As the cellular response to Tnv-6 in our studies contrasts with the results reported in other neoplastic cells treated with Tnv-6 (Lain et al, 2008; Li et al, 2012; Yuan et al, 2012), we investigated whether autophagy dysregulation in CLL occurs potentially through alternative targets of this sirtuin inhibitor. The ability of three Tnv-6 analogues lacking in vitro activity against SirT1 and SirT2, to alter p53 expression and LC3 lipidation in cells from six activated cultures was compared with Tnv-6. The structures and a comparison of the biological activity and physical properties of the analogues used are described in Supplementary Table S2 and Supplementary Figure S4. By visual examination, no increases in p53 or LC3 lipidation were evident in CLL cells treated with Tnv-6 analogues compared with Tnv-6 (Figure 8A and B). To control for potential differences in protein loading, quantitative densitometry of p53 and LC3 II expression compared with β-actin was undertaken and confirmed the difference in expression levels between cells treated with Tnv-6 and its analogues (P⩽0.01 (p53) and P<0.0004 (LC3 II)). These results suggest that the Tnv-6 effects were related to sirtuin inhibition. However, densitometric analysis also indicated that LC3 II expression with Tnv-6 analogues was slightly higher in the presence of Tnv-45 (P=0.015) and Tnv-37 (P=0.012) than in untreated control cells (Figure 8C). Comparison of the LC3 II response to Tnv-6, with that observed in cultures with the analogues (Figure 8C) suggests that ⩾90% of the Tnv-6 effect occurs through structural moieties required to inhibit sirtuins. We also observed that the expression intensities of LC3 II and p53 correlated strongly in cells treated with Tnv-6 or its analogues (r=0.79; P<0.0001, Figure 8D).
Previously, in quiescent CLL cells with intact genotoxic p53 responses treated with Tnv-6, we identified the preferential dysregulation of autophagy, in the absence of p53 activity (MacCallum et al, 2013). As these observations were at variance with the p53-dependent apoptotic effects of Tnv-6 in other malignancies (Lain et al, 2008; Li et al, 2012; Yuan et al, 2012), here we have investigated whether the biological responses to Tnv-6 in CLL are unique to the disease, consequent to the quiescent cellular phenotype, and are p53-independent. Through the analysis of changes in cellular ultrastructure and protein expression, we have been able to demonstrate that the cytotoxic effects of Tnv-6 in CLL cells associates with the inhibition of autophagy even in conditions that favour cellular activation and proliferation. As Tnv-6 is non-toxic to normal haemopoietic cells (Li et al, 2012; Yuan et al, 2012; MacCallum et al, 2013), the cell cycle-independent dysregulation of autophagy in CLL suggests its clinical potential to effectively target leukaemic sub-populations, including disease-sustaining cells with proliferative capability.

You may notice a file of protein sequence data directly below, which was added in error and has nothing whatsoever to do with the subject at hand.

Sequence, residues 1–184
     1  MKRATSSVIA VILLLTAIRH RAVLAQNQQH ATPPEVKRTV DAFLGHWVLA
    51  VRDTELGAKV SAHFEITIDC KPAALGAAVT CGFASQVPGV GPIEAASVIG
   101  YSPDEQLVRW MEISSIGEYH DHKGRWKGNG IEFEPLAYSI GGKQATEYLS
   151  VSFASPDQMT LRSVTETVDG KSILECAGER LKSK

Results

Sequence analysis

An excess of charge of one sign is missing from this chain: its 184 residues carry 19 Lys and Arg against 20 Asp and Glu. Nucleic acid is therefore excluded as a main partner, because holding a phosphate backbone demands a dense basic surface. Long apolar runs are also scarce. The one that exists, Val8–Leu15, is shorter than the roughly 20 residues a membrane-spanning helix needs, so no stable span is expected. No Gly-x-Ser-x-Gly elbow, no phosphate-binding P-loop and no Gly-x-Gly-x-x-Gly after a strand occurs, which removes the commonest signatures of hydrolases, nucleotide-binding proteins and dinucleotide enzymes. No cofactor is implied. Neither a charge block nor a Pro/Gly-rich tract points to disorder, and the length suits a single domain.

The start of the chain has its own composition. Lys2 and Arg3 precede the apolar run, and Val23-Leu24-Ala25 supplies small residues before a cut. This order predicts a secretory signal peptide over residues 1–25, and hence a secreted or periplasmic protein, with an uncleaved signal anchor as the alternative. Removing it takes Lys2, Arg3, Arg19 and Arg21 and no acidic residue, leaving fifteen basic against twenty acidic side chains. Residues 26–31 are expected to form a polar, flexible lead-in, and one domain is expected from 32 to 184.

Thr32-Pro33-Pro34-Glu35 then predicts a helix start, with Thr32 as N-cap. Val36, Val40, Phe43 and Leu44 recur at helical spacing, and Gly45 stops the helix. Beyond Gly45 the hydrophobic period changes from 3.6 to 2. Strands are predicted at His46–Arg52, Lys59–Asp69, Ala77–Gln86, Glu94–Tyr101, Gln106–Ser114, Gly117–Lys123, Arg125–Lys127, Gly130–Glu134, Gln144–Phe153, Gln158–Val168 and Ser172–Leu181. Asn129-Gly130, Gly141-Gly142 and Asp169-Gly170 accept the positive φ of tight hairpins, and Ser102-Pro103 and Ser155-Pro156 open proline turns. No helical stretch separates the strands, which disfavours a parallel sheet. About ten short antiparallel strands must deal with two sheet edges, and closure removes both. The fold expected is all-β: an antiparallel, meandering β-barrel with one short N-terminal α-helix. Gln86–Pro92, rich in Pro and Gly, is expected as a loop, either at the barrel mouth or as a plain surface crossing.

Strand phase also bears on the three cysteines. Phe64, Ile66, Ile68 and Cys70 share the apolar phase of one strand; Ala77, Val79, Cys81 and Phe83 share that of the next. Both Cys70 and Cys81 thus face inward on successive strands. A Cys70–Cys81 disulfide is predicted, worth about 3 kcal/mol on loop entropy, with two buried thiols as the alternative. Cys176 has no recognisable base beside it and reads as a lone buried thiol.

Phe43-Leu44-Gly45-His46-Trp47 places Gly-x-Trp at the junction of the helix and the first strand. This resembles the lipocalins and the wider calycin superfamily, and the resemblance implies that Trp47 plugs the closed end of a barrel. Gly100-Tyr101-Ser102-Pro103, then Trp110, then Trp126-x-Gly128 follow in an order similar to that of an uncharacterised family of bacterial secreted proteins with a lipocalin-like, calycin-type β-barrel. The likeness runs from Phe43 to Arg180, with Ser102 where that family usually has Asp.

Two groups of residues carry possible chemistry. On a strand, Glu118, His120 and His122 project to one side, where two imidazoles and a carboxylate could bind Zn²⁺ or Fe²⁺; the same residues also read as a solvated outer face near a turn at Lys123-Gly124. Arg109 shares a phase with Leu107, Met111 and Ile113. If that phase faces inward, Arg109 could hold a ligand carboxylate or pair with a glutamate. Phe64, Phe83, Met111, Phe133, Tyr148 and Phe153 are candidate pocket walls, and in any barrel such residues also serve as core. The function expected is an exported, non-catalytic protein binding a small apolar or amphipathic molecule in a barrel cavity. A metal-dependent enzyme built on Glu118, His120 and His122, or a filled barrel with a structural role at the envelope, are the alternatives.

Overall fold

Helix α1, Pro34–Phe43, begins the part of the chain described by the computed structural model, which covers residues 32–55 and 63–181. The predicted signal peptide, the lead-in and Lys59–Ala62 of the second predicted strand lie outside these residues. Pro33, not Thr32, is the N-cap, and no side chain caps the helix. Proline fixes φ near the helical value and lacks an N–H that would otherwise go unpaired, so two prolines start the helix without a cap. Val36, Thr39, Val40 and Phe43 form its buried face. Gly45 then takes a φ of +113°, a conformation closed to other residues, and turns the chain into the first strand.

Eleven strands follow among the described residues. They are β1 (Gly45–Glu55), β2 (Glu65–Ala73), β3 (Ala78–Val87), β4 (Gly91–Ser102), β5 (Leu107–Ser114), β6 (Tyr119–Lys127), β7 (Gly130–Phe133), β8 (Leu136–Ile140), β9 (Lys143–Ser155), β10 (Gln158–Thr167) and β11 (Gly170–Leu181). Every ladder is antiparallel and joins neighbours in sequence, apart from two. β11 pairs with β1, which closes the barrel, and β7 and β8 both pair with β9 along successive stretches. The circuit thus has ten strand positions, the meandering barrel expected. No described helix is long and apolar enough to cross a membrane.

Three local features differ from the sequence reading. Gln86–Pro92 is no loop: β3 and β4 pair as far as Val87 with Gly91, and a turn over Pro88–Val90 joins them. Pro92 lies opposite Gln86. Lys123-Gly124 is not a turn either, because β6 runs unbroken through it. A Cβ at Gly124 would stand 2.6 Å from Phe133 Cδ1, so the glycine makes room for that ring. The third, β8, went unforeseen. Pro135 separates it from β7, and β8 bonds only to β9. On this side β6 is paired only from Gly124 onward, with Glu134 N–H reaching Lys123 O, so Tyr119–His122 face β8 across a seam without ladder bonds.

As with quiescent cells, death is not associated with apoptosis. 7-AAD-based flow cytometry was used to measure cytotoxicity with Tnv-6, as the dye permeates cells with loss of membrane integrity during cell death. Despite its frequent use as an assay to quantify ‘apoptosis’ (Zembruski et al, 2012), 7-AAD labelling does not specify apoptosis (Fujisawa et al, 2007) and therefore electron microscopy, considered the ‘gold standard’ for detecting apoptosis (Taatjes et al, 2008) was used to confirm the absence of ultrastructural changes indicative of apoptotic death. The absence of apoptotic cell death was surprising, as a striking increase in p53 was identified following Tnv-6 treatment in all activated CLL cultures. This p53 response contrasted with that in quiescent cells here, and in previous studies (MacCallum et al, 2013), where no increase in p53 expression is detected. The activation and proliferation status of CLL cells thus appears to be a key determinant of the Tnv-6-associated increment in p53.
The increase in p53 expression in activated cells is concordant with that observed in other neoplastic cell types treated with Tnv-6 (Lain et al, 2008; Li et al, 2012; Yuan et al, 2012). However, unlike other malignancies, there is no p53 pathway-dependent apoptotic signalling in CLL cells, as the expected downstream effect on caspase-3 (Audrito et al, 2011) was not observed and ultrastructural features of apoptosis (to suggest alternative pro-apoptotic mechanisms) are absent. That the p53, despite its increase, is non-functional is suggested by the lack of an increase in p53-activating acetylation at commonly modified Lysine residues (Knights et al, 2006). In particular, there was absence of acetylation at residue 320, which is known to preferentially promote cell cycle arrest over apoptotic death (Cheng et al, 2003), and could have clarified reasons for the absence of apoptosis in our experiments. To rationalise the discrepancy between p53 expression and activity, we examined the possibility that the rise in cellular p53 levels in Tnv-6-treated cells occurs due to ubiquitin–proteasome (UP) pathway dysfunction during autophagy inhibition. The delayed degradation of UP-dependent client proteins (that include p53) is known to occur during inhibition of autophagy through the accumulation of p62/Sequestosome 1 (Korolchuk et al, 2009). As rapid increases in p62/Sequestosome 1 were detected following Tnv-6 treatment, we expected to detect a coincident increase in ubiquitinated proteins and therefore, non-functional p53. In support of our hypothesis, an increase in ubiquitinated proteins was seen in Tnv-6-treated CLL cells, confirming delayed UP-transit. However, no change in ubiquitinated p53 was detected, suggesting the complexity of p53 regulation in CLL cells treated with Tnv-6.